“It feels humbling,” Grudem says. “And it’s an honor. I’ve worked for WFP for 20 years, so it really feels like I’m part of that.”

Hunger had skyrocketed due to the COVID-19 pandemic, so the Nobel represented a welcome recognition in a difficult year. For Grudem, it was also heartening to see the Nobel committee acknowledge the link between food assistance and peace. “I tell people, if you want to end food insecurity, end conflict,” she says. “And work on climate change,” she adds, noting that Bangladesh is especially vulnerable to the looming threat of climate disaster.

At Grudem’s current post, WFP works on a number of local environmental initiatives. When the Rohingya first started coming over, the Cox’s Bazar area was a national forest susceptible to landslides. WFP used rapidly deployable methods like cement and culverts to stabilize the land, and deforestation made way for temporary homes. Eventually, “there was one tree left,” Grudem says. “The famous one tree.” But recent reforestation efforts have created a cooler and more appealing environment for refugees and locals, and trees serve as a more natural means of stabilizing the landslide-prone terrain.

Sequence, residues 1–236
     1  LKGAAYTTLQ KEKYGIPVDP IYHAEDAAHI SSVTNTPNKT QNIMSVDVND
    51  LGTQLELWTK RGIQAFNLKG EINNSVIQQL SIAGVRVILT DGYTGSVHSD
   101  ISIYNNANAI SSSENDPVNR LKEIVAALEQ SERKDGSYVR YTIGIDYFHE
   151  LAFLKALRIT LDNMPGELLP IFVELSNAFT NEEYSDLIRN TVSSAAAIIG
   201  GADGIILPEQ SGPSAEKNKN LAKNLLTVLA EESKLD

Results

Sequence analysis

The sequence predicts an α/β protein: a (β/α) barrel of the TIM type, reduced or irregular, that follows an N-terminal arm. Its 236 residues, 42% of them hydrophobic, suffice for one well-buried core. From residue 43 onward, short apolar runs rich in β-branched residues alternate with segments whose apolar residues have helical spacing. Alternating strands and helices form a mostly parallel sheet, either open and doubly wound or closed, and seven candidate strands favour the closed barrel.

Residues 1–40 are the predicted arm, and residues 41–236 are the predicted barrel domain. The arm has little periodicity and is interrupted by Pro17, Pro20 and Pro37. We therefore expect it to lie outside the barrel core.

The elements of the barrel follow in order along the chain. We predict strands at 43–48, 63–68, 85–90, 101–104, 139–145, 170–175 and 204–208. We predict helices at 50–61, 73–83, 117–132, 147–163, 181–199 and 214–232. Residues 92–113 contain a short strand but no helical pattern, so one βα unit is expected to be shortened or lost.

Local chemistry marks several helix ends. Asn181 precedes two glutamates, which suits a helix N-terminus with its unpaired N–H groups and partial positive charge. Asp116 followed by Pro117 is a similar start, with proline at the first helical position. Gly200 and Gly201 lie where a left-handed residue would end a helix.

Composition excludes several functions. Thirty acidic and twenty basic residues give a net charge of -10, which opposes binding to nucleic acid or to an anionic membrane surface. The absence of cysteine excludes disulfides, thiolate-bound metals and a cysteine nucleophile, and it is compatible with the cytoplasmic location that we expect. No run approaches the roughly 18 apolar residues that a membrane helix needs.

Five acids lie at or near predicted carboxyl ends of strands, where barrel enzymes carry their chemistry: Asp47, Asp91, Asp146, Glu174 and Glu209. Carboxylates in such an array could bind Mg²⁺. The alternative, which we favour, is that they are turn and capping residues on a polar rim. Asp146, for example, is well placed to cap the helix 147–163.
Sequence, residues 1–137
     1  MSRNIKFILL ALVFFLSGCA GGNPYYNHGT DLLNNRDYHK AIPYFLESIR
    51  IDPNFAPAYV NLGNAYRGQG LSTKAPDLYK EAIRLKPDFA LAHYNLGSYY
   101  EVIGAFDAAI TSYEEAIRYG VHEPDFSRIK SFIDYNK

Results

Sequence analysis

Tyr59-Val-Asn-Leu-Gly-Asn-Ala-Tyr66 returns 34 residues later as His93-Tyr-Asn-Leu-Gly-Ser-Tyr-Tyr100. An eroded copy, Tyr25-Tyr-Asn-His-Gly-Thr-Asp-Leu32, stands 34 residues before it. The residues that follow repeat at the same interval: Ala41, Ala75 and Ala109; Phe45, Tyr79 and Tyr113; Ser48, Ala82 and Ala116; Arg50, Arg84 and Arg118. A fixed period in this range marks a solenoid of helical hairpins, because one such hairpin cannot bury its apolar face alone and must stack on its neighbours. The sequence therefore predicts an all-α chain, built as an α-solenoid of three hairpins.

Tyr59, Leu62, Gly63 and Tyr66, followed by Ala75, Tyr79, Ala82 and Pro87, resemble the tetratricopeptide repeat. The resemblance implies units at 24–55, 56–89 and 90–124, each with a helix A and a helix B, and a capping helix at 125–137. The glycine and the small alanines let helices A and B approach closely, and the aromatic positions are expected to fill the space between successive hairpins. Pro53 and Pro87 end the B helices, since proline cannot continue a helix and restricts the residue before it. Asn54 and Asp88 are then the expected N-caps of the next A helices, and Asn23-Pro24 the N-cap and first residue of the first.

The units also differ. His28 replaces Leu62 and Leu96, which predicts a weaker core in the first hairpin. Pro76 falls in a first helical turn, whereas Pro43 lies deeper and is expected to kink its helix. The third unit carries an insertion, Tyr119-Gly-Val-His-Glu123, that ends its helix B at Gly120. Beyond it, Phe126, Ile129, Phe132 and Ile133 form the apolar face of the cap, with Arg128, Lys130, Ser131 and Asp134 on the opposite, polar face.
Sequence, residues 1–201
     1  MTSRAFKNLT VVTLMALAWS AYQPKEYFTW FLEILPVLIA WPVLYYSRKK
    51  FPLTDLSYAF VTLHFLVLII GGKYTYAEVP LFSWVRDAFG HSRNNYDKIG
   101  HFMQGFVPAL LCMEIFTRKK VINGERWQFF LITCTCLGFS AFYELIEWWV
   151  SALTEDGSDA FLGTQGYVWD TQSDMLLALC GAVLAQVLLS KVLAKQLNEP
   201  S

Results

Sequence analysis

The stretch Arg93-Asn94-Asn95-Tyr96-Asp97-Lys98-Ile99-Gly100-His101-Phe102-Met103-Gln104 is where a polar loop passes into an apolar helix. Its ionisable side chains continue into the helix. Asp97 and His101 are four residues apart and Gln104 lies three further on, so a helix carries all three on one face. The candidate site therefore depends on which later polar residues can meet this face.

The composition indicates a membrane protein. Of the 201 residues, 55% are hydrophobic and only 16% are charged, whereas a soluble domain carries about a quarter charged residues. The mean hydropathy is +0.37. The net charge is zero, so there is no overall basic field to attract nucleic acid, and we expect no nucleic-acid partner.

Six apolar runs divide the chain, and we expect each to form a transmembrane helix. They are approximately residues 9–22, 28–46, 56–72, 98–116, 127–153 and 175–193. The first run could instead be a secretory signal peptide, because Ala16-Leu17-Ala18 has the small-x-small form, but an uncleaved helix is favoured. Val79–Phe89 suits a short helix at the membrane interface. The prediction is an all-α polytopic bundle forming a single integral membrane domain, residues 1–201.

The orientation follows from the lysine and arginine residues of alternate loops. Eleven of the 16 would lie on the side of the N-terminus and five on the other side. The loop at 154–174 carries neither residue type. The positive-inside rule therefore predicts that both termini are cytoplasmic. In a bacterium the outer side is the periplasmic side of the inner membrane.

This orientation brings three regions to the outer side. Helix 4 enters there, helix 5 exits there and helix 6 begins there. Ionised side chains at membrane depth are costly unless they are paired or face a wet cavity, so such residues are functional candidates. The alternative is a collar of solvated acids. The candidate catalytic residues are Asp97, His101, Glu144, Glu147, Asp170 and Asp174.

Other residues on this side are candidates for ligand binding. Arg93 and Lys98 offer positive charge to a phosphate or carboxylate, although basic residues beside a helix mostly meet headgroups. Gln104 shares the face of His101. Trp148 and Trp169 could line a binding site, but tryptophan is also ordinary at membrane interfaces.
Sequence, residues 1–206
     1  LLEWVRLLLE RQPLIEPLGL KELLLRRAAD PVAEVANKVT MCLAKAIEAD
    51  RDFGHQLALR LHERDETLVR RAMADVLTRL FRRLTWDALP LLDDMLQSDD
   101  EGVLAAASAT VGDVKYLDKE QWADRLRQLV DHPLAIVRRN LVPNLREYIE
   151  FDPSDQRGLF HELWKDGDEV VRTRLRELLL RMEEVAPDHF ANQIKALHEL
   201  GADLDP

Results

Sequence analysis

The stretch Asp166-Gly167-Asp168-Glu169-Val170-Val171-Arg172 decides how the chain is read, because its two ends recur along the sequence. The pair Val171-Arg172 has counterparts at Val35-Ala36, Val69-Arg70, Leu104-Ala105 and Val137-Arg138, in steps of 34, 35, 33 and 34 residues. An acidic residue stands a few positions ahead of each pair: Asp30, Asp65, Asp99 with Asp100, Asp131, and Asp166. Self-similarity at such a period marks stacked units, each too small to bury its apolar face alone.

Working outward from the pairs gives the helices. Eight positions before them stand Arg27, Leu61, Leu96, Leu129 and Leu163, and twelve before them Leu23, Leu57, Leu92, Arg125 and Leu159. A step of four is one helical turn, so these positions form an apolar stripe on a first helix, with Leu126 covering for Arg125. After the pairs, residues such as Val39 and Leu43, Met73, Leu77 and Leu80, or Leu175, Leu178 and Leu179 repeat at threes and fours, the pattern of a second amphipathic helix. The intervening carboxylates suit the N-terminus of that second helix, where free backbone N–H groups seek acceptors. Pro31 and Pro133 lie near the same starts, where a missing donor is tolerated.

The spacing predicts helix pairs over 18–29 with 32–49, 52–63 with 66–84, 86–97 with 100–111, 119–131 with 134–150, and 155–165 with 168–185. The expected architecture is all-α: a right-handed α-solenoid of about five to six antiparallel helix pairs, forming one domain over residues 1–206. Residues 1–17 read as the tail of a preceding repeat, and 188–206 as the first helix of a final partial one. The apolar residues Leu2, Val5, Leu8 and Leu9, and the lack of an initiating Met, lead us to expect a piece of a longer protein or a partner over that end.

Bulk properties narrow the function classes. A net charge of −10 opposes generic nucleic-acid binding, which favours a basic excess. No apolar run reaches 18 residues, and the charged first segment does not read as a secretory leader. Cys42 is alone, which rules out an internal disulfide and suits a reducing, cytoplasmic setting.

To handle the COVID-19 pandemic, WFP implemented safety measures like remote monitoring and cutting back on the number of staff visiting the camps. In addition, the office’s recently redesigned ways of providing food assistance helped mitigate the impacts of the pandemic.

Cox’s Bazar has been at the forefront of innovation for a while, Grudem says. Instead of directly providing food assistance, WFP gives out cash, a system that hasn’t been implemented on such a large scale before. Recipients can then choose and purchase their own food in a grocery store–like experience. WFP partners with local traders and farmers to provide this food, which includes fresh produce on top of traditional dry goods like rice, beans, and wheat.